[0073] <Formation of Model of Shape (S260 and S270)>

[0074] When positions of the camera can be determined, the three-dimensional shape of a body can be formed again using the contour of the body. The existing shape-from-silhouettes algorithm is used for the calculation of it. A three-dimensional model is completed by obtaining the texture of the surface of the body from images and mapping the texture on the surface of a restored shape.

[0075] After the determination of points of view, the three-dimensional shape is restored, for example, as described below. First, volume data is created, and then triangular meshes are formed. The volume data is created by an octtree method (refer to (R. Szeliski “Rapid Octree Construction from Image Sequences” Computer Vision, Graphics, and Synthetic Image proxessing, 1993). The triangular meshes are made by applying the known marching cubes method to the thus obtained volume data, and further the smoothing of the apex of the mesh and the decimation thereof are performed.

[0076] <Example>

[0077] A result obtained by constructing the aforementioned system, packaging the aforementioned algorithm, and photographing a body will be described below.

[0078] First, the convergence of the algorithm will be described. In the performed results, the algorithm converged without fail and did not diverge even once. Table 1 shows the number of repetitions which was necessary for a sequence of images to converge. 1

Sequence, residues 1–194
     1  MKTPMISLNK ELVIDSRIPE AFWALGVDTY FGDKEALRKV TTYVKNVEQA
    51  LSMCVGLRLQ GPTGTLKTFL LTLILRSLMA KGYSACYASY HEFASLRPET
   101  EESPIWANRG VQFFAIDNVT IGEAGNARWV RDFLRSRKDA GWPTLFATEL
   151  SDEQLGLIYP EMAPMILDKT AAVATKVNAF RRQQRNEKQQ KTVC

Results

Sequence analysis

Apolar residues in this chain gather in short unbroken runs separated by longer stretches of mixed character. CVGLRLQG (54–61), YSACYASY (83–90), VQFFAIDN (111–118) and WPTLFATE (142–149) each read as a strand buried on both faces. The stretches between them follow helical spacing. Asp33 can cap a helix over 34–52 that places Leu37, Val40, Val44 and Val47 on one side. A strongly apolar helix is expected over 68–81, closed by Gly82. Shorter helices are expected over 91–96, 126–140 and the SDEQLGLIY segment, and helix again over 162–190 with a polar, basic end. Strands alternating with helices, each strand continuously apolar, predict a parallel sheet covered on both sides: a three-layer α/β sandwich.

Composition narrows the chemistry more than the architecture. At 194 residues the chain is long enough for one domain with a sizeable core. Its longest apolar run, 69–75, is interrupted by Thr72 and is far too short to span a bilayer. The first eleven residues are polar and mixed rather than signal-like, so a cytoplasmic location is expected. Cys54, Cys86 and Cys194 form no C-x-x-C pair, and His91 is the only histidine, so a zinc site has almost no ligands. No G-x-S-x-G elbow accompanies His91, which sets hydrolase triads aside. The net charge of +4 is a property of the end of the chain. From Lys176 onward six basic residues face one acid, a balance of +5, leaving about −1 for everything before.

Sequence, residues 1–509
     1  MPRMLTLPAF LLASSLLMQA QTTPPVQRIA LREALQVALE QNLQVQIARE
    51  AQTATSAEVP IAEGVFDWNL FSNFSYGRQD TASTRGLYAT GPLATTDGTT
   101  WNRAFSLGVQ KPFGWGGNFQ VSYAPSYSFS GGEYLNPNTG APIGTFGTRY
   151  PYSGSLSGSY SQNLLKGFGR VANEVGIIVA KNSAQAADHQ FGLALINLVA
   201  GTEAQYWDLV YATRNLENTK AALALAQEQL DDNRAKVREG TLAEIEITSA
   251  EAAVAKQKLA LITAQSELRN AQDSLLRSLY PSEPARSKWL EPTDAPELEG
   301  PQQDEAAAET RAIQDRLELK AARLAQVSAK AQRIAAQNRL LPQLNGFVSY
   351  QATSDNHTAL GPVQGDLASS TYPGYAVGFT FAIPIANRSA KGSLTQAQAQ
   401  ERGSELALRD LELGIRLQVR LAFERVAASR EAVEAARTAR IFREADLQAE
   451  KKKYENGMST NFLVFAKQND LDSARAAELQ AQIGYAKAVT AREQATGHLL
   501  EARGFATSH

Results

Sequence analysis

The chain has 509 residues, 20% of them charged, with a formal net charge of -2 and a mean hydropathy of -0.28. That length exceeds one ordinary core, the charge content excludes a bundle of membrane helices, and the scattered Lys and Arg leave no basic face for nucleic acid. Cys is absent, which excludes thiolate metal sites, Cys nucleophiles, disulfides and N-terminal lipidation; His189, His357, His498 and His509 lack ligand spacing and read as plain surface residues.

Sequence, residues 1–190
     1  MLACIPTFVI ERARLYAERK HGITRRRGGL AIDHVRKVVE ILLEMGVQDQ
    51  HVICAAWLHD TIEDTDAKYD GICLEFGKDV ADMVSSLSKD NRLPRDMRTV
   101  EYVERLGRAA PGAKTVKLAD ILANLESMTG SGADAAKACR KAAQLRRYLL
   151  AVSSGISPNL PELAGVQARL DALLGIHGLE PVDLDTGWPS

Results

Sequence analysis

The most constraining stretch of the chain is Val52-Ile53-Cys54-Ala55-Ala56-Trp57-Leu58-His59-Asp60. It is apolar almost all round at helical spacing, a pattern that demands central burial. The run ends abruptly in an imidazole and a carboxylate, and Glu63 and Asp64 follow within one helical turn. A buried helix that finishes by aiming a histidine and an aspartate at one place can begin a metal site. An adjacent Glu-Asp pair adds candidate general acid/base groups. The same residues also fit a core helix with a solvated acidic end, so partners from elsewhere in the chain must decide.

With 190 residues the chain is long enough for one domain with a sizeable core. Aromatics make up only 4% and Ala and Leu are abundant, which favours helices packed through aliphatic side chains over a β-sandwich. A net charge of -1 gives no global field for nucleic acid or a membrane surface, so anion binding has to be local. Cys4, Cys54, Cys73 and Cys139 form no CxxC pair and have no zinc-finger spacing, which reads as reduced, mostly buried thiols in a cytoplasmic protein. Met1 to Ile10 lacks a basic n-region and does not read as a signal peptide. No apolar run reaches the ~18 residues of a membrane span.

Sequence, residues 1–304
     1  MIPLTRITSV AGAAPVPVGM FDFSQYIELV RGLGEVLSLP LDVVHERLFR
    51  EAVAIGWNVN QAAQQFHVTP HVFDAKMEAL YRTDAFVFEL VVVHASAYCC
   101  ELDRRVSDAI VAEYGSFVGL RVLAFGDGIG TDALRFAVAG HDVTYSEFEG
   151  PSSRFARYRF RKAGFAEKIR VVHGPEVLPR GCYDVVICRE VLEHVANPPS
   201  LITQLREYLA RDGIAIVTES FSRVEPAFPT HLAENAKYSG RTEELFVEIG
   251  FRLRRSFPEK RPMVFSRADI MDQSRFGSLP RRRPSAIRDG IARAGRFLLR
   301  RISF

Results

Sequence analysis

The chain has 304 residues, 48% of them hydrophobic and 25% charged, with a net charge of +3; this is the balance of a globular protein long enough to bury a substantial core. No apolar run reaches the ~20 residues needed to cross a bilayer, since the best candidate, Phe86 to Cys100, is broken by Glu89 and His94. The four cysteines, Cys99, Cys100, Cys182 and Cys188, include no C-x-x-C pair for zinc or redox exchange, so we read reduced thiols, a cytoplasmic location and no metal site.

TABLE 1
Number of repetition12345678910
Frequency0000205228000

[0079] Table 1 records the number of times which was necessary to convergence and shows the frequency of the each number of time when an initial value was set at random and trials were performed 100 times. The sequence of images used contained 33 images a part of which is shown in FIG. 10. As shown in the table, the algorithm converged by the repetition of five to seven times.

[0080] The approximate positioning accuracy of the method was examined using a sequence of images obtained by turning a body on a turntable. Since a camera was fixed and the body was turned in the turntable, when it was virtually assumed that images were obtained by fixing the body and by moving the camera, the motion of the virtual camera at that time had to draw a circle. The body was turned once by being turned 20° each time, from which 18 images were obtained. The body used in the experiment was a duck toy as shown in FIG. 3. FIG. 11 three-dimensionally shows the restored positions of the camera. It can be found that the positions are arranged approximately on a circumference and placed on a plane without a change in a height direction. While this rough verification, it can be found that the positions of points of view are correctly restored.